Another potential limitation is the changes in treatment of COPD over the study period. Over time, there has been a gradual increase in the use of tiotropium and combination therapy with inhaled corticoids and long-acting β2-agonists in maintenance treatment. However, this is not likely to have influenced our results to a major extent, because tiotropium does not affect levels of inflammatory biomarkers34 and because the use of inhaled corticosteroids is relatively rare in population-based cohorts. Finally, although we have previously published data on reasonable stability of CRP and fibrinogen levels over 10 years in individuals with COPD (Figure E1 in the online data supplement of Thomsen et al17), we do not have similar data for leukocyte count; however, a previous study found low variability in levels of fibrinogen and leukocytes in patients with COPD over time,35 and this is likely to be similar in our cohort.
Until recently, the most important criterion for therapy guiding in COPD has been the degree of airflow limitation. The findings from the ECLIPSE study,9 among others, have led to a new classification of COPD,2 enabling identification of more individuals at risk of frequent exacerbations and disease progression than the previous classification.36 A recent study found pulmonary artery enlargement on chest computed tomography to be an independent predictor of exacerbations.37 However, our study provides novel information that may lead to a simpler assessment using measurements of inflammatory biomarkers in individuals with stable COPD to further stratify preventive therapies based on absolute risk of frequent exacerbations. The potential benefits of such stratification should be tested in future clinical trials that could include drugs of particular current interest, such as macrolides38 or statins.39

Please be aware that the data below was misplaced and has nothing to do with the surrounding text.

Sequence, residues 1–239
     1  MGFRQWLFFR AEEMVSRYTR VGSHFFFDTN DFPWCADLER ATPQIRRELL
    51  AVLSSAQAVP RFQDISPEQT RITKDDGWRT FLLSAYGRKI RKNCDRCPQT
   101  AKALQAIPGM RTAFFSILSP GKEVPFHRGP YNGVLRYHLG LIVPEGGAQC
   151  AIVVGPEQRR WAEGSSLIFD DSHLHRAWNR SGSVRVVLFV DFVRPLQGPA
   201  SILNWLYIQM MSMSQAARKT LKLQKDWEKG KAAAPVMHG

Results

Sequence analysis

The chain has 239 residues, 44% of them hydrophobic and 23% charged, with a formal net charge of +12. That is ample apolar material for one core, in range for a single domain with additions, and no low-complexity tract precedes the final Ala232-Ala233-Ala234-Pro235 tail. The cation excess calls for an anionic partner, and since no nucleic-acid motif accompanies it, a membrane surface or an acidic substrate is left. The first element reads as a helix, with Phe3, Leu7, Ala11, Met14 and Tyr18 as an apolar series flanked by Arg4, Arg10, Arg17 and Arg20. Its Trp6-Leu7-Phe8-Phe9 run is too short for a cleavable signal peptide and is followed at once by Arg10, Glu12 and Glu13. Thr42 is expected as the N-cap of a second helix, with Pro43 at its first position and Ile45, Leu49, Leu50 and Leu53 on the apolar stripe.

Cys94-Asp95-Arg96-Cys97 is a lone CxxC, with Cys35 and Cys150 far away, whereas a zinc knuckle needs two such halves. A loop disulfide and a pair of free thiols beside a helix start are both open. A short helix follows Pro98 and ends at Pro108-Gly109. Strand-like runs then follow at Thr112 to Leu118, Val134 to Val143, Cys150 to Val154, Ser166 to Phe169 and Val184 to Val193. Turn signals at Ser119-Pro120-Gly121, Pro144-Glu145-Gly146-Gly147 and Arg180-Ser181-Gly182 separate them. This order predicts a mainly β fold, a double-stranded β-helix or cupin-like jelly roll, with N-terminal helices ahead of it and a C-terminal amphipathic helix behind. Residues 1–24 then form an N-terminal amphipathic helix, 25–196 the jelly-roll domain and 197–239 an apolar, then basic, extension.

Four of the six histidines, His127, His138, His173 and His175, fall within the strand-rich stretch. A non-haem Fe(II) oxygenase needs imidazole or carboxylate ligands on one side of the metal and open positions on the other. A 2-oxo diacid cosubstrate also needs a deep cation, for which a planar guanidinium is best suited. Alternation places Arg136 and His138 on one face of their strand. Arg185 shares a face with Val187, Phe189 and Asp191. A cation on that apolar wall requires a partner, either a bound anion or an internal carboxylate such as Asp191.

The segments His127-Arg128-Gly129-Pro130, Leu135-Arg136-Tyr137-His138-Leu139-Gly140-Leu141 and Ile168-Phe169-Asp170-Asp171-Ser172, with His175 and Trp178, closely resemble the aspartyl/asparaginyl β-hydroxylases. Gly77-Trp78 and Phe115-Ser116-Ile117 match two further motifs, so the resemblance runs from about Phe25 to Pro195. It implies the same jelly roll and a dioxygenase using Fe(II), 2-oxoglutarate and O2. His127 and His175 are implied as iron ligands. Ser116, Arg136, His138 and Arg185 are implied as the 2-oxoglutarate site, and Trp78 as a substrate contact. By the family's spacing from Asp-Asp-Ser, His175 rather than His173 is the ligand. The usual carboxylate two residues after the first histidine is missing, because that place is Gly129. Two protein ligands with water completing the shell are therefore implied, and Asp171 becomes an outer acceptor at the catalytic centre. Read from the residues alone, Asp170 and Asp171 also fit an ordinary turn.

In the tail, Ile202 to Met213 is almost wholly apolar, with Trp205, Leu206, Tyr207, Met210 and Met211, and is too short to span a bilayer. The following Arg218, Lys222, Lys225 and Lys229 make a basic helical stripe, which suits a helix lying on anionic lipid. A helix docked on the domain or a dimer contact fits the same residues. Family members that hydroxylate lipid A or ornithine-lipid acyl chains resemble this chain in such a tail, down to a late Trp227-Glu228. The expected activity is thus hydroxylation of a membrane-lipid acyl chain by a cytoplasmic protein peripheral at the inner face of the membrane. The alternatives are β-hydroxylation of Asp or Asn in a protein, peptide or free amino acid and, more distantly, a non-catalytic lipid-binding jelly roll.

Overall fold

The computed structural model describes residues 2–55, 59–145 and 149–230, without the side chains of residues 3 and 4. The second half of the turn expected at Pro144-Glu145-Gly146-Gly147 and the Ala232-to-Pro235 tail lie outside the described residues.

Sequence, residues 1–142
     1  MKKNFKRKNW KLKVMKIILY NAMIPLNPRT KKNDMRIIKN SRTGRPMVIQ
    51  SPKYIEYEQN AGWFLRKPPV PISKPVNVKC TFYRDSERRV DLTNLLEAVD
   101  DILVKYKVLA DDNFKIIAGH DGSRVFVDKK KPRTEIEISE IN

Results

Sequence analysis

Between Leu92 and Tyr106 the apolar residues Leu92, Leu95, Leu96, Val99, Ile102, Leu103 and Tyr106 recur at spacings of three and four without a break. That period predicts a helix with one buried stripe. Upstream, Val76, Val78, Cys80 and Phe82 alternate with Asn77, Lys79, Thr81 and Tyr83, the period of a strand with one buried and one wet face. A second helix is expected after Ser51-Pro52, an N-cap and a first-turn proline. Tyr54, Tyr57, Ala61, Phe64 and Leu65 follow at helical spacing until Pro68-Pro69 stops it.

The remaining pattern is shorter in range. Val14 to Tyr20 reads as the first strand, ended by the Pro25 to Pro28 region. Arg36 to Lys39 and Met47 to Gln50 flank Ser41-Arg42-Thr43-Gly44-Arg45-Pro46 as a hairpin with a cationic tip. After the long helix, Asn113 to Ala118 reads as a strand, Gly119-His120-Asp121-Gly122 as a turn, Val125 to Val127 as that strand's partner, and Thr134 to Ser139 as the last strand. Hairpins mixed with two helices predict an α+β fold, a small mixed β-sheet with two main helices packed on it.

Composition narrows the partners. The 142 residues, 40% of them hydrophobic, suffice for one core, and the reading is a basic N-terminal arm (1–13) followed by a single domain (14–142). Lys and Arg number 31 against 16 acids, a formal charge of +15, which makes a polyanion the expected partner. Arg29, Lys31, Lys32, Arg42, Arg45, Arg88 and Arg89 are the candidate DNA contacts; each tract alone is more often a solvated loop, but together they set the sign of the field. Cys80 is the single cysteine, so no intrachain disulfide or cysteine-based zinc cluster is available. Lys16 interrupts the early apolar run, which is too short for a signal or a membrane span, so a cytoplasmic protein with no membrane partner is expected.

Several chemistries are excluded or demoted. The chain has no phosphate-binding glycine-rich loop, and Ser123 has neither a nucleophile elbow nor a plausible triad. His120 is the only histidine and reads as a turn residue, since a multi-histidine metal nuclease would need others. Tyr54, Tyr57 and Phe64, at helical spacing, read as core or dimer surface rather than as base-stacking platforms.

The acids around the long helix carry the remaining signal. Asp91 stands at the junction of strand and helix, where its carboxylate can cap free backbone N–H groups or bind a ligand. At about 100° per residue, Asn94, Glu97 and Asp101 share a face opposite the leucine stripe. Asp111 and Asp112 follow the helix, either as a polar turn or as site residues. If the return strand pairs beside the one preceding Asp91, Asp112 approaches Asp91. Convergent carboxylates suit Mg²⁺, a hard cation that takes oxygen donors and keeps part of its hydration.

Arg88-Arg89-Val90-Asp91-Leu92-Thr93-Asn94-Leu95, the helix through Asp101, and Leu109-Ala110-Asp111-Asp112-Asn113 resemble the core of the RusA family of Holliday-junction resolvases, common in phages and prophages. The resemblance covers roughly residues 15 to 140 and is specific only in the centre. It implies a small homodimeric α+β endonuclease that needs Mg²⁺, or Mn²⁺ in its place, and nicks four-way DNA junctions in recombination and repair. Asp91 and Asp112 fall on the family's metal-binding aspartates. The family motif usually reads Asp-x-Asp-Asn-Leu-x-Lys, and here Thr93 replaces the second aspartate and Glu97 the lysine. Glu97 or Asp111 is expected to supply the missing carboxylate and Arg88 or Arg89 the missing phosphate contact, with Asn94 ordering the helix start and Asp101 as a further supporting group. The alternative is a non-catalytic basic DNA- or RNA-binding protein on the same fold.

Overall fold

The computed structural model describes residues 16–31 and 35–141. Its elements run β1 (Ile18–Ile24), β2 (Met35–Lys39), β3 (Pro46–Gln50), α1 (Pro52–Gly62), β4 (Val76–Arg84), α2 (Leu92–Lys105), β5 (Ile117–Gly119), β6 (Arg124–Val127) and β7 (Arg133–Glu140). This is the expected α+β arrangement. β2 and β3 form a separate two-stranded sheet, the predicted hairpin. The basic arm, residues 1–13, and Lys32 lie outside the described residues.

In conclusion, simultaneously elevated levels of CRP and fibrinogen and leukocyte count were associated with increased risk of exacerbations in stable COPD, even for individuals with milder COPD and for those without previous exacerbations. Further investigation is needed to determine the clinical value of these biomarkers for risk stratification.
Corresponding Author: Børge G. Nordestgaard, DMSc, Department of Clinical Biochemistry, Herlev Hospital, Copenhagen University Hospital, Herlev Ringvej 75, DK-2730 Herlev, Denmark (email@example.com).
Author Contributions: Dr Nordestgaard had full access to all of the data in the study and takes responsibility for the integrity of the data and the accuracy of the data analysis.
Study concept and design: Thomsen, Ingebrigtsen, Dahl, Lange, Vestbo, Nordestgaard.
Acquisition of data: Lange, Nordestgaard.
Analysis and interpretation of data: Thomsen, Ingebrigtsen, Marott, Dahl, Lange, Vestbo, Nordestgaard.
Drafting of the manuscript: Thomsen, Lange, Vestbo, Nordestgaard.
Critical revision of the manuscript for important intellectual content: Thomsen, Ingebrigtsen, Marott, Dahl, Lange, Vestbo, Nordestgaard.
Statistical analysis: Thomsen, Ingebrigtsen, Marott, Dahl, Nordestgaard.
Obtained funding: Lange, Nordestgaard.
Administrative, technical, or material support: Lange, Vestbo.
Study supervision: Dahl, Lange, Vestbo, Nordestgaard.
Conflict of Interest Disclosures: All authors have completed and submitted the ICMJE Form for Disclosure of Potential Conflicts of Interest and none were reported.
Funding/Support: This work was supported by Herlev Hospital, Copenhagen University Hospital, the Danish Heart Foundation, the Copenhagen County Foundation, and the University of Copenhagen, all from Denmark.
Role of the Sponsor: The funding sources had no role in the design and conduct of the study; collection, management, analysis, and interpretation of the data; preparation, review, or approval of the manuscript; and decision to submit the manuscript for publication.